• Survey shows 81% don't see resrictions lifted before July 2016
  • Banks will need 18 billion-euro capital boost, poll indicates

Greeks should get used to restrictions on their money.

QuickTake Capital Controls

That’s the view of 81 percent of economists polled by Bloomberg, who said capital controls are here to stay until at least the second half of 2016. The sample of 16 economists was interviewed Oct. 9-16.

Greek government and bank officials have argued that the controls -- introduced in June to limit ATM withdrawals and overseas transfers -- can be lifted by the start of 2016, after Greece’s banks have been recapitalized.

“They’re too optimistic,” said Achilleas Chrysostomou, an economist at Standard Chartered Bank in London. “I think the European partners, the creditors, will want to see some more evidence of implementation of the program before they feel comfortable lifting the capital controls.”

The European Central Bank is set to announce the results of a review of Greek banks at the end of this month. This is likely to show a capital shortfall of 18 billion euros ($20 billion), with the vast chunk of that hole to be filled by the state-run Hellenic Financial Stability Fund, according to the survey.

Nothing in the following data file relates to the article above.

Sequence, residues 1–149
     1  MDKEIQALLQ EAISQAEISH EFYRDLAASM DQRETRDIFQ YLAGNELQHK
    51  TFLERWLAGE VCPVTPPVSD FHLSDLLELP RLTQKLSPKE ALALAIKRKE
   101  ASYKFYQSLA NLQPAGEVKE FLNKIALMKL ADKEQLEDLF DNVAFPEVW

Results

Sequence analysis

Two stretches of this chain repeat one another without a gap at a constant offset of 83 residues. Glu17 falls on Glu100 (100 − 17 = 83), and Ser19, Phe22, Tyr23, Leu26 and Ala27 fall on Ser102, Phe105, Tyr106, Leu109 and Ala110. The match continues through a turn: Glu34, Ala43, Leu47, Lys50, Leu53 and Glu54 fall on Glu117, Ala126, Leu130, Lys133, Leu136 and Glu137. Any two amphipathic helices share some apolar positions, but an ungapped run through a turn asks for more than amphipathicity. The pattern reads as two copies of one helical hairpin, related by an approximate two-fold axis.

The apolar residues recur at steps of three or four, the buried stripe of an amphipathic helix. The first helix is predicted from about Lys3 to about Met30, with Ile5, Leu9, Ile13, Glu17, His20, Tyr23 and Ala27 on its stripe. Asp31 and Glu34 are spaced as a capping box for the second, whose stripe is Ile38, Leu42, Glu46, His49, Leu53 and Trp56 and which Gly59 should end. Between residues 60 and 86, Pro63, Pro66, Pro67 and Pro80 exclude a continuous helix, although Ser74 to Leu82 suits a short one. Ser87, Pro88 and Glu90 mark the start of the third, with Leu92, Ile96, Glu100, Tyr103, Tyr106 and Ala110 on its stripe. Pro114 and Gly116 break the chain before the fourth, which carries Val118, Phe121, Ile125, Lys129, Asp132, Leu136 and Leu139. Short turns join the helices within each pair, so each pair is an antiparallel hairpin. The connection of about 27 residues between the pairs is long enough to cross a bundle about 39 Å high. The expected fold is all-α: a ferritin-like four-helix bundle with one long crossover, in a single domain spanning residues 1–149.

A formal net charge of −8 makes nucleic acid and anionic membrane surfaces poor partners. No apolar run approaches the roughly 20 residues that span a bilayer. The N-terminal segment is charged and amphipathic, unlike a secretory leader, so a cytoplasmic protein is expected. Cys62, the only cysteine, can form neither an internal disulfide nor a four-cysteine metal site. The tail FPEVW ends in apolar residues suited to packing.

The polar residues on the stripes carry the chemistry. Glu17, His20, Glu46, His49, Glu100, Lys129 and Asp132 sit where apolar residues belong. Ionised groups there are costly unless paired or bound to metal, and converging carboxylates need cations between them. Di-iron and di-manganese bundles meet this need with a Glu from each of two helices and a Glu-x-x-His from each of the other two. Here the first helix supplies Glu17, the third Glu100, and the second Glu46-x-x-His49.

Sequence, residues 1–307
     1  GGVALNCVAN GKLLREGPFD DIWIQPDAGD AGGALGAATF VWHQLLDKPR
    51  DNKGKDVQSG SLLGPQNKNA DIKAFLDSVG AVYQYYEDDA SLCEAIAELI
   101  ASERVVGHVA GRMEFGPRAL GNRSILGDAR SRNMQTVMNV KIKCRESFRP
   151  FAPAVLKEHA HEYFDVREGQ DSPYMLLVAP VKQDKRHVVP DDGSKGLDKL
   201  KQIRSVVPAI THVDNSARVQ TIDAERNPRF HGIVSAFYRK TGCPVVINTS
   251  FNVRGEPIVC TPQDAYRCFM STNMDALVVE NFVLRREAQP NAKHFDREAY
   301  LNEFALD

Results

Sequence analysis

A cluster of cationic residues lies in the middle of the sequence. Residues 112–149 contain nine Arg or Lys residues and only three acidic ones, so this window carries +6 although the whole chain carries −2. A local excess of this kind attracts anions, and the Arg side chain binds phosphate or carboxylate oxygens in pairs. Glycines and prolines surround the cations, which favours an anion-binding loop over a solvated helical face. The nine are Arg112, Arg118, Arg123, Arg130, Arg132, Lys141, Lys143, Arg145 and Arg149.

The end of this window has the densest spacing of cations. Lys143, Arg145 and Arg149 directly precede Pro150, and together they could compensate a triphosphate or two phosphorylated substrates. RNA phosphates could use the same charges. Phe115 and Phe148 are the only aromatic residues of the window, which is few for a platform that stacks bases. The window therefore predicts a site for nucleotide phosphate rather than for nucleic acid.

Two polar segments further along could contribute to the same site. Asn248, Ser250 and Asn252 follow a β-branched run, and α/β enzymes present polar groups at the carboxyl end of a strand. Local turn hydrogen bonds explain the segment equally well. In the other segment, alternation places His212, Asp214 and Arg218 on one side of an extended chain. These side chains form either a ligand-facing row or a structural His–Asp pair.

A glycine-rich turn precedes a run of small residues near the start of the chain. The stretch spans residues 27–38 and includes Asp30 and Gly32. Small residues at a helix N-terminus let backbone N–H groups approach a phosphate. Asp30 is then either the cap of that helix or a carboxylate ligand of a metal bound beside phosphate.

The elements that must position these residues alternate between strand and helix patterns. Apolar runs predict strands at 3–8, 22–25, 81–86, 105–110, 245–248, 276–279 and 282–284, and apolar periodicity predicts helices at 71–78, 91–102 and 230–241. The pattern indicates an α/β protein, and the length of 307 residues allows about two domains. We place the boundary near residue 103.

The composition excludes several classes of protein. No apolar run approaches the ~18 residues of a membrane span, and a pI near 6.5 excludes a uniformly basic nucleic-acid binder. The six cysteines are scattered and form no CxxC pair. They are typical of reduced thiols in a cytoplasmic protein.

Prime Minister Alexis Tsipras reiterated on Friday that the recapitalization needs to be completed by the end of the year, before new regulations come into force that would require depositors to be bailed in as part of the process before euro-area rescue funds are used.

Economic Impact

The impact of capital controls on Greek economic activity means gross domestic product will contract 1 percent in 2015, according to economists in a separate Bloomberg survey.

While that’s a deeper contraction than the 0.7 percent forecast in July, it still reflects unexpected resilience in the second quarter, when GDP increased 0.9 percent. Greece’s bailout agreement, signed in August, forecast the economy would shrink 2.3 percent this year.

“The twin deficits in the government budget and external position have been resolved,” said Nicholas Magginas, an economist at National Bank of Greece SA in Athens, one of three economists in the survey who predicted controls will be lifted in the first half of 2016. “There is no need for a prolonged adjustment period under capital controls.”